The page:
Good Time should really be called Tough Luck. Directed by brothers Ben and Josh Safdie (Heaven Knows What), the film follows two bottom-rung losers as they try to steal enough money to get away from their miserable lives. Connie (Robert Pattinson; Twilight) and his mentally challenged brother Nick (Ben Safdie) attempt to rob a local bank for $65,000. When their plan goes south, Connie decides to rescue Nick which leads to a string of progressively complicated situations as he fumbles each step along the way.
The Safdie brothers bring their realistic shooting style to the caper film. The word “gritty” is frequently thrown around to describe what appears as a more realistic shooting style, but in reality, it is a relative term. The concept is often associated with the crime films of Martin Scorsese and, in comparison to most slick, mainstream films, his works do appear more down to earth, but that is only because of the excessive sheen given to the visuals of a standard Hollywood picture. The Safdie brothers employ a style that can only be described as ultra-gritty. Their actors are mostly unknowns that look like regular people. They’re unkept and not particularly attractive. Even Pattinson, the former Twilight heartthrob, looks and acts like a lowlife and the change is refreshing. The extras and minor characters seem like regular, imperfect beings and the glamour-free appearances make Connie’s flight more intense because the setting is grounded in the real world.
The New York City of the Safdie brothers is a downright shithole. This is a part of Queens far away from the haute intellectual settings of a Woody Allen film. The movie was shot on film and features a pronounced film grain, adding a scrappy, low-budget feel to the actions onscreen. The houses we see are cramped and rundown and the few glimpses of better situations are short-lived. These are the dirty streets of the lower class, filled with people in perpetual cycles of barely making it by. The cast that populates the city is uniformly excellent with the direct, curt behavior expected from the NYC working class. Safdie as Nick is unrecognizable and utterly convincing as a mentally challenged character with his vacant, disconnected stares and delayed reactions. In their previous film, the Safdie brothers followed heroin addicts slumming their way through the city and the realism of their repeated self-harm almost became repulsive. Here, the entertaining characters and Connie’s relatable motivation prevent the aesthetic from becoming unpleasant. Instead, it lifts the stakes and clearly distinguishes the film from others in the genre.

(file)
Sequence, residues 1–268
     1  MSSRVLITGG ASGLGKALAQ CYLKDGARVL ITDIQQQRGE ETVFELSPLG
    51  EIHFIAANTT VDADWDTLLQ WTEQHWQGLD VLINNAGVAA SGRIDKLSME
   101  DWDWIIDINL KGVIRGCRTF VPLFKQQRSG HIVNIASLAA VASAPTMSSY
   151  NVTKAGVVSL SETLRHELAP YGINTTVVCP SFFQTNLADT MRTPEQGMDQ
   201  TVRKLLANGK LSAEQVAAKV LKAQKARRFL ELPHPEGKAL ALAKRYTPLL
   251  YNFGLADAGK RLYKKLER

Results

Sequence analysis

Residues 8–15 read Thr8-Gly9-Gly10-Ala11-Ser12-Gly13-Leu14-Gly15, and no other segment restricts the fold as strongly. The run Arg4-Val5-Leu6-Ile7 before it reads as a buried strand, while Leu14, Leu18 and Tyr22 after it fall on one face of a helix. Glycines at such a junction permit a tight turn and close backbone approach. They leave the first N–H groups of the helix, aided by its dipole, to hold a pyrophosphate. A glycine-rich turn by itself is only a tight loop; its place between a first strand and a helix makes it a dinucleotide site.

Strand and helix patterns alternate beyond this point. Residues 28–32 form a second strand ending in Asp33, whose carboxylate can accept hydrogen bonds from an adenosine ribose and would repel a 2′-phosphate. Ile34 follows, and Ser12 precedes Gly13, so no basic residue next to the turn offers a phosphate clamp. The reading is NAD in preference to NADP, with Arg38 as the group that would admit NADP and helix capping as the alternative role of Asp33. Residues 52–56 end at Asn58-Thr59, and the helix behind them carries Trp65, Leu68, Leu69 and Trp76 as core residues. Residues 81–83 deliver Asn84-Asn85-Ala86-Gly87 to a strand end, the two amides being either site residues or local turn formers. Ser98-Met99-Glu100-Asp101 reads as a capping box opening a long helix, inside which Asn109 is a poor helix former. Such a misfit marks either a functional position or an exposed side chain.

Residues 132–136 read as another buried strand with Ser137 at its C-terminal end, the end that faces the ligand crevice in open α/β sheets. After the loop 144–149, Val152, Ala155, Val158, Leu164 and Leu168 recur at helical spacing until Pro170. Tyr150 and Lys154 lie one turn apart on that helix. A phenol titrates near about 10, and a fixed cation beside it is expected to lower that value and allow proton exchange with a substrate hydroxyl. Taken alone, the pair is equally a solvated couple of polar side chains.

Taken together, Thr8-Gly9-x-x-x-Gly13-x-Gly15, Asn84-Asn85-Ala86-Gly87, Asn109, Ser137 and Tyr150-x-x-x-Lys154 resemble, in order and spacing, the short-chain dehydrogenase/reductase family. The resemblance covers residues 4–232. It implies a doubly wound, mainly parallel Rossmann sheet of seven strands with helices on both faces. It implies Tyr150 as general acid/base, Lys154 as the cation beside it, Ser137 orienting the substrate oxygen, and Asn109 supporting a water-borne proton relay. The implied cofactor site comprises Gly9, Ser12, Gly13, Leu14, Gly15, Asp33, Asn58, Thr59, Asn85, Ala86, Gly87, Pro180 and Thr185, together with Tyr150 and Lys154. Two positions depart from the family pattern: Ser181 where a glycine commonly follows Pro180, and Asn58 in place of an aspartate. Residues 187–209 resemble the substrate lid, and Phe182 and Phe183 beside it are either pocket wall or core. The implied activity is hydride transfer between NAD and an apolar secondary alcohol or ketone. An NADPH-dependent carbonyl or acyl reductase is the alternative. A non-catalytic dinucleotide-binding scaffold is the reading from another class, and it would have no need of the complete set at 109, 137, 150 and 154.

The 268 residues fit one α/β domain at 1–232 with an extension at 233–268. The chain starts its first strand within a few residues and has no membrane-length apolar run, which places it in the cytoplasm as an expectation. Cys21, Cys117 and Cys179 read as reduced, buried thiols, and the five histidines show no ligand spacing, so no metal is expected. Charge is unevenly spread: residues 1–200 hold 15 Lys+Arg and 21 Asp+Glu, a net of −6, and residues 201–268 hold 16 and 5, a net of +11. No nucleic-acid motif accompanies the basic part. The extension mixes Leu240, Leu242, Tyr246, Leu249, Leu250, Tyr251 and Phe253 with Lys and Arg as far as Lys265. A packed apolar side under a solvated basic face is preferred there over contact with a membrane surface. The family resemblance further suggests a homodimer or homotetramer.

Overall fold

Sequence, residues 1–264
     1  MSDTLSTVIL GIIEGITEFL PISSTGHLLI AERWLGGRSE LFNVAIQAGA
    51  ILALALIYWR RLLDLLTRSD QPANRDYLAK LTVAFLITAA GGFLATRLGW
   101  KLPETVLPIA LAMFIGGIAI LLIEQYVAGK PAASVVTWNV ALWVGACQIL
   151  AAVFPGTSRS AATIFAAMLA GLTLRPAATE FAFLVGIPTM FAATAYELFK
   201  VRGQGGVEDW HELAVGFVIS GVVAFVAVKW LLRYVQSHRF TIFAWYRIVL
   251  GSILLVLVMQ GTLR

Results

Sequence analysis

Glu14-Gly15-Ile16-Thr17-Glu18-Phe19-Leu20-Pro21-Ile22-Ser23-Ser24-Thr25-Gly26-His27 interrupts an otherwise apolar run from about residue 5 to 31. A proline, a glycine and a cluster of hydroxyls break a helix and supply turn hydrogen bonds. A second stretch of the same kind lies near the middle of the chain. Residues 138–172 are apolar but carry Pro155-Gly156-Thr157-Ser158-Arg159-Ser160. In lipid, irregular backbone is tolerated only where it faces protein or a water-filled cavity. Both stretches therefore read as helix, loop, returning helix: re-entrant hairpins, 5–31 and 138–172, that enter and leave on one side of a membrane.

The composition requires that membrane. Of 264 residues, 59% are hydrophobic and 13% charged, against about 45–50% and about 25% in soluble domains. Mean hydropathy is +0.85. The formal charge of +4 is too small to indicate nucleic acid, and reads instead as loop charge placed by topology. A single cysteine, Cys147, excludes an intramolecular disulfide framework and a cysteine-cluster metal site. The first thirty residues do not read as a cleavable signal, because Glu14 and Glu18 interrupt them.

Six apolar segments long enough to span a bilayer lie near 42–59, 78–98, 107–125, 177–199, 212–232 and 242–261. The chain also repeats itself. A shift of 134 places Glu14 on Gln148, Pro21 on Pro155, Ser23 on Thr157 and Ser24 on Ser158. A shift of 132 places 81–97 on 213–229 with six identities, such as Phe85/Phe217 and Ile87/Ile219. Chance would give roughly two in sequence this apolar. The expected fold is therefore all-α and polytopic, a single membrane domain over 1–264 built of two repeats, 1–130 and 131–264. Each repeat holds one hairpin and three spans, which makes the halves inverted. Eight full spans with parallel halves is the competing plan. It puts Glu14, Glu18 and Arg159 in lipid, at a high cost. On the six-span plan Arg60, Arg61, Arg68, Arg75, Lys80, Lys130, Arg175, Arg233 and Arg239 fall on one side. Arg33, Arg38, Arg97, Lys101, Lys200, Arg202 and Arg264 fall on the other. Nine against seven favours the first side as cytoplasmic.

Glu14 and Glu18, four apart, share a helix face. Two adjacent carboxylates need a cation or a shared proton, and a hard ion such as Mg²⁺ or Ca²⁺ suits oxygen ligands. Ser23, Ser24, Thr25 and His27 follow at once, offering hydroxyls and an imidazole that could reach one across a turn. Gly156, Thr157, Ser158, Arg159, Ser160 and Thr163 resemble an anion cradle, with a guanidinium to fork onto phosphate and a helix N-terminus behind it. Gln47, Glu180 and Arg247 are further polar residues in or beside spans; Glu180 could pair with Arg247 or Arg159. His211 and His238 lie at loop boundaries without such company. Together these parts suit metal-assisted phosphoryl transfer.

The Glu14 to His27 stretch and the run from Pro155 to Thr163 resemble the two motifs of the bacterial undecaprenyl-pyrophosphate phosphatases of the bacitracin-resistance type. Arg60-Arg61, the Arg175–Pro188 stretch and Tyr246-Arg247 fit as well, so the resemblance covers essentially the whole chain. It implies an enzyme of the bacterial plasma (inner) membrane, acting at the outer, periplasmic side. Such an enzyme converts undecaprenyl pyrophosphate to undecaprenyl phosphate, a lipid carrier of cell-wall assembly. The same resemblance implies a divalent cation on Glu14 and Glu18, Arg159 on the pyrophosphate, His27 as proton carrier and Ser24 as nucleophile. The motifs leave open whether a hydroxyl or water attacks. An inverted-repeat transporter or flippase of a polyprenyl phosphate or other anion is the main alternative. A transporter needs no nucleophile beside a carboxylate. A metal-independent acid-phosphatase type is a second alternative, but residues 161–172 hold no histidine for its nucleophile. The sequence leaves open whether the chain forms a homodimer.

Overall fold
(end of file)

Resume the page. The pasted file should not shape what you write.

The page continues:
Despite their disparate visual styles, the Safdie brothers have made their own version of a Michael Mann film, specifically Thief. They even use a pounding electric score that is reminiscent of Tangerine Dream’s work. The main difference is the caliber of their characters. Their protagonists, unlike Mann’s professional criminals, are horribly flawed. Connie is shown to have the seeds of good ideas and is crafty enough to momentarily avoid capture, but is not intelligent enough to fully solve his problems. The mistakes he makes as his outlook worsens are believable, but only for a desperate hoodlum with some awful decision-making. His narrow escapes exacerbate his situation and dig himself further into a hole which, to some, will almost be comedic in its escalation, but to others will be equally thrilling. The rough, realistic settings and increasingly precarious getaway make for a uniquely grounded heist movie.